The tendency to group and categorize phenomena in dichotomies seems to be an inherent feature of our species. We have even dichotomized our bodies into the mind and the body. Other dichotomies such as nature/nurture, emotional/rational, induction/deduction, learn/instinct ossify into naturalized and distinct categories. The consequence of this naturalization is that they operate at below the level of consciousness and we forget that they are normative and represent range limits. At best, they are immensely contextual and optimally should be judged by the criteria of fitness for purpose. Ancient Greek skepticism and Buddhist logic provided an antidote to this trap. The fourfold negation or the tetralemma is a “meta”-framework that not only expands the range of possibilities and diminishes the effects of false dichotomies, but also lays stress on the investigation of causes and relations. It nudges our mental framework away from if-then boundaries, categories, and universals and into nuance, context, and continuums. The basic structure of the tetralemma is such:
A is true
B is true
Neither A or B are true
Both A and B are true
In the last two essays, I discussed the advantages and disadvantages of big real world evidence (RWE) and double blind randomized clinical trials (dbRCT). Proponents and naysayers lie on both ends of the choice. However, this might represent a false dilemma: both sources of evidence generation may be valuable, one may be more valuable than the other in certain contexts, or neither may be valuable as a hybrid methodology.
The pragmatic clinical trial (PCT) is just such a hybrid methodology of evidence generation. While not a new methodology, it has not been adopted widely thus far. Nonetheless, as push and pull incentives favor real world evidence generation, the PCT has increasingly gained prominence in the biomedical research community. PCT combines elements of RCT – treatments assigned by protocol, randomization, data collection on report forms – with elements of non-interventional studies from real clinical settings, more representative (ie multimorbid) patient populations, and passive and unsupervised data collection typical of RWE. Although unknown to most outside the research community, the effectiveness of vaccines was validated by such a trial. In 1954, the polio vaccine trial randomized nearly 650,000 children to a treatment and a placebo arm while simultaneously following more than a million children as “observed” controls. Evidence for the effectiveness of the polio vaccine was generated by a PCT and the use of the dual protocol ensured internal and external validity of the results. Thus there was robust evidence to extrapolate the results to the population in large.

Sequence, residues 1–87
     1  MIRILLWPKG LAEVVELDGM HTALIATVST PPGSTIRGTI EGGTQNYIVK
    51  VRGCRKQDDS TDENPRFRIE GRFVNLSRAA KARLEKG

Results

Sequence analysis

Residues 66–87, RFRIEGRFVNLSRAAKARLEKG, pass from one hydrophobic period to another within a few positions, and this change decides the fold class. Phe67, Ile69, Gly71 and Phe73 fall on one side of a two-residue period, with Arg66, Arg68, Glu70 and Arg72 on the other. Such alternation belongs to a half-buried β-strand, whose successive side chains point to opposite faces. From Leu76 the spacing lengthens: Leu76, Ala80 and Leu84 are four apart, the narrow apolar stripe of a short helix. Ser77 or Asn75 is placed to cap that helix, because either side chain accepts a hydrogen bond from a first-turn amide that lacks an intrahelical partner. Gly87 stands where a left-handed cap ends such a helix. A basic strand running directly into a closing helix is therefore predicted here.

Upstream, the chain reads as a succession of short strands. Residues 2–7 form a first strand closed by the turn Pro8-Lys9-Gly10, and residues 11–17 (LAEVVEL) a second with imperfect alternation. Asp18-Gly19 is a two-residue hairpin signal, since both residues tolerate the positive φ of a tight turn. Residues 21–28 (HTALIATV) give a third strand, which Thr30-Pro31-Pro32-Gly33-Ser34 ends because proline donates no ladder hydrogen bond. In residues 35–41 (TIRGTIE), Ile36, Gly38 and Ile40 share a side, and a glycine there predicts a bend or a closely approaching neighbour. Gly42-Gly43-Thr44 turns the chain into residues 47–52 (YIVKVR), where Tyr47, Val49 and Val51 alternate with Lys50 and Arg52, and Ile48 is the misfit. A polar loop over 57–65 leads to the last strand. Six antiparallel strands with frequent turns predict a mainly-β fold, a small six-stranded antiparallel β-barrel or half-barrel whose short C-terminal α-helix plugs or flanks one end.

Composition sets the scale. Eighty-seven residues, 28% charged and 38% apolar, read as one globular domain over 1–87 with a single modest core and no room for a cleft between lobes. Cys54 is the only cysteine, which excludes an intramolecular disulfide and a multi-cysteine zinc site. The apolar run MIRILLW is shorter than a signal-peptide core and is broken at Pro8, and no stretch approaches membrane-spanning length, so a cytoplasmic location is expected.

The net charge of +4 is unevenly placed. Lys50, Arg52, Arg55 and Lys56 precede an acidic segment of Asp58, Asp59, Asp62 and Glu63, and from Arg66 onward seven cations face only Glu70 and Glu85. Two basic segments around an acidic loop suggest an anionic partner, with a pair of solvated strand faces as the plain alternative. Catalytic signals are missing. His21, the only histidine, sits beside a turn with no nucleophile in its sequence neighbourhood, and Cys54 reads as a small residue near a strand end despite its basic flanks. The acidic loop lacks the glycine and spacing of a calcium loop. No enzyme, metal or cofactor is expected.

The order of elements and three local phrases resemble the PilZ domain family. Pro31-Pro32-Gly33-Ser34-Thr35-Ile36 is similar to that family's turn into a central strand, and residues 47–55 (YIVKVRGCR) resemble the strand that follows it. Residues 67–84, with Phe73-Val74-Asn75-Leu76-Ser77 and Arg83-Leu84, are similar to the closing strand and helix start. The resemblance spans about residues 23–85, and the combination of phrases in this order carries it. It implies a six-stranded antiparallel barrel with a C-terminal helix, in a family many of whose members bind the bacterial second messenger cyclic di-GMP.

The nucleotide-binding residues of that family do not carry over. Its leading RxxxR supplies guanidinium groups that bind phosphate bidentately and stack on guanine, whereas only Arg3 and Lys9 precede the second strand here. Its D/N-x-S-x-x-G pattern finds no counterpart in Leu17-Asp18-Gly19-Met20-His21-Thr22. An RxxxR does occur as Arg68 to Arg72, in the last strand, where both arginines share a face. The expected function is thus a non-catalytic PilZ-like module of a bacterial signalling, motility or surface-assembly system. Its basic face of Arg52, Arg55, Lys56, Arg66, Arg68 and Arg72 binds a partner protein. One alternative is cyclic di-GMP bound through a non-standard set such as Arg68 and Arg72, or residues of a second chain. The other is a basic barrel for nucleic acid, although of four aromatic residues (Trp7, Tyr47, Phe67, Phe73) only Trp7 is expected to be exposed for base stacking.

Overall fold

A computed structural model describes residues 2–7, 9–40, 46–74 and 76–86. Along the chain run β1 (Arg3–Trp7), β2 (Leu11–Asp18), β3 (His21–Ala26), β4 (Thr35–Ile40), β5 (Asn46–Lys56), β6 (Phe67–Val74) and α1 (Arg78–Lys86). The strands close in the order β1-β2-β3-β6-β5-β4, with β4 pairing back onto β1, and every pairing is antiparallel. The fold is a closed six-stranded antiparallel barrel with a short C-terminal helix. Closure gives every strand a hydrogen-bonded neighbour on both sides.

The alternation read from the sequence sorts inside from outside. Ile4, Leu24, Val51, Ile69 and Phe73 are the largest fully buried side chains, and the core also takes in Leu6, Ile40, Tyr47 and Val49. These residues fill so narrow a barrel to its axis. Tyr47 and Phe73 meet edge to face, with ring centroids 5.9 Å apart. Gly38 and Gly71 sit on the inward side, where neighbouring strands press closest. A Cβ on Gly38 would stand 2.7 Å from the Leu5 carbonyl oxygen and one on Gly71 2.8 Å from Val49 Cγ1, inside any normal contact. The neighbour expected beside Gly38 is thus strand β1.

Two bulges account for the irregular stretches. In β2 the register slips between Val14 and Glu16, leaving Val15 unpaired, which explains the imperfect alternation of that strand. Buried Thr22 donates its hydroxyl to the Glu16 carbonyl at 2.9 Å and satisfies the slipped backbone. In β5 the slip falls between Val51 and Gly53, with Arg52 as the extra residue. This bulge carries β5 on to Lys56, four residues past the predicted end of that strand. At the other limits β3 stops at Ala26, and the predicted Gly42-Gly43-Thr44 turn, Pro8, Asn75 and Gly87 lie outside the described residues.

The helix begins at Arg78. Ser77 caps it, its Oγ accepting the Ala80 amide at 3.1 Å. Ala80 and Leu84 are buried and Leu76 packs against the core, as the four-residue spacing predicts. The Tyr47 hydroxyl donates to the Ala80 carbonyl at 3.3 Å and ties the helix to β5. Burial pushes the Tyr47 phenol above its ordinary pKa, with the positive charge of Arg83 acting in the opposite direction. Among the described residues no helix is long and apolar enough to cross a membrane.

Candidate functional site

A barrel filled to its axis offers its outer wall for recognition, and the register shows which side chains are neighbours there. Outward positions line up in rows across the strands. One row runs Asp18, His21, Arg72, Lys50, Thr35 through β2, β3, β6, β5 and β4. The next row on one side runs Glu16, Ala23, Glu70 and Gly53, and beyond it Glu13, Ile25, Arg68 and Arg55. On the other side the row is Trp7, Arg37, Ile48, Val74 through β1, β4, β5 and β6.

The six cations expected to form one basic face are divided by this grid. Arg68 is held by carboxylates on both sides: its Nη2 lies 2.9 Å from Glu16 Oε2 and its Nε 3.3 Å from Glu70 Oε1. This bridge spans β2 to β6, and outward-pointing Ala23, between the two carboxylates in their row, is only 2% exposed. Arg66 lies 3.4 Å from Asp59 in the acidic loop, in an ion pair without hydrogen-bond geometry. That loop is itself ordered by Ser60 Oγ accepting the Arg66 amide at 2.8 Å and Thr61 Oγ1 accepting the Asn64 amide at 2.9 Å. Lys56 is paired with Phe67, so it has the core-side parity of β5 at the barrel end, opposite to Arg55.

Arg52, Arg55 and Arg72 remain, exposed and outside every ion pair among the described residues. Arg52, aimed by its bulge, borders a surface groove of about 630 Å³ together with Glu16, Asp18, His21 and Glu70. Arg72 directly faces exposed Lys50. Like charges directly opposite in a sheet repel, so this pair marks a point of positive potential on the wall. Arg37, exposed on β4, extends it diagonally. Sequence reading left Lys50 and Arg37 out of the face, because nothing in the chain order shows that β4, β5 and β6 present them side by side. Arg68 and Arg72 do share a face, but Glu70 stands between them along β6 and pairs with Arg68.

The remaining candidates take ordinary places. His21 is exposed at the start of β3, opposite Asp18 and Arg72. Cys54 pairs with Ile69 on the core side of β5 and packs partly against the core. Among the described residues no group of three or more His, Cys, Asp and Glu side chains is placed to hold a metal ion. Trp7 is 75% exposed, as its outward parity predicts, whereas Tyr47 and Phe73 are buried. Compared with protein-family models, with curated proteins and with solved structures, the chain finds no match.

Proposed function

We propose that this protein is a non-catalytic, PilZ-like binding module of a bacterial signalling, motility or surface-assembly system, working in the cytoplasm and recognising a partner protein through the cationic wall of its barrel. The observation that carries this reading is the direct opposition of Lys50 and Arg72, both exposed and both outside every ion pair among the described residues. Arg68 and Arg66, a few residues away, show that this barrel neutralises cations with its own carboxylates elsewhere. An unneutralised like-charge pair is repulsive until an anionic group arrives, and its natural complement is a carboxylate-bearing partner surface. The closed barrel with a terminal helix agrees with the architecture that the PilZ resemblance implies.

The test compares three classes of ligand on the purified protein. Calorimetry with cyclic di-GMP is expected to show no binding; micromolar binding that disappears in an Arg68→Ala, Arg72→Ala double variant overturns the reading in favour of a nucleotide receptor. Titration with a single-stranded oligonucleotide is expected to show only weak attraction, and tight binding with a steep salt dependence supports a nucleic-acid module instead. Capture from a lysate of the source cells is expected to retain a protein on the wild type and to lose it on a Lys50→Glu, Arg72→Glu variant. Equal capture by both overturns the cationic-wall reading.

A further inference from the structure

The philosopher Michael Serres writes that the task of the philosopher is to “keep open and explore the spaces that otherwise would be left dark and unvisited…since new forms of knowledge might arise out of these spaces.” The tetralemma is such an exploration – a framework that serves as a reminder to look around, between, and beyond the static, naturalized, and reified dichotomies that pervade our world. If real world evidence borne on real world big data and protocolled, double blinded randomized clinical trials represent the ends of the polarity, then a pragmatic clinical trial is a hybrid – representing the “both” in the tetralemma. Optimally, evidence should be considered by each – either individually or in combination – for specific use cases and particular contexts. As medicine moves towards the cadence and volume of data inherent in the realm of big data, a static evidence hierarchy represented by the evidence pyramid as a marker for evidence quality might be relegated to the “ash heap of history.”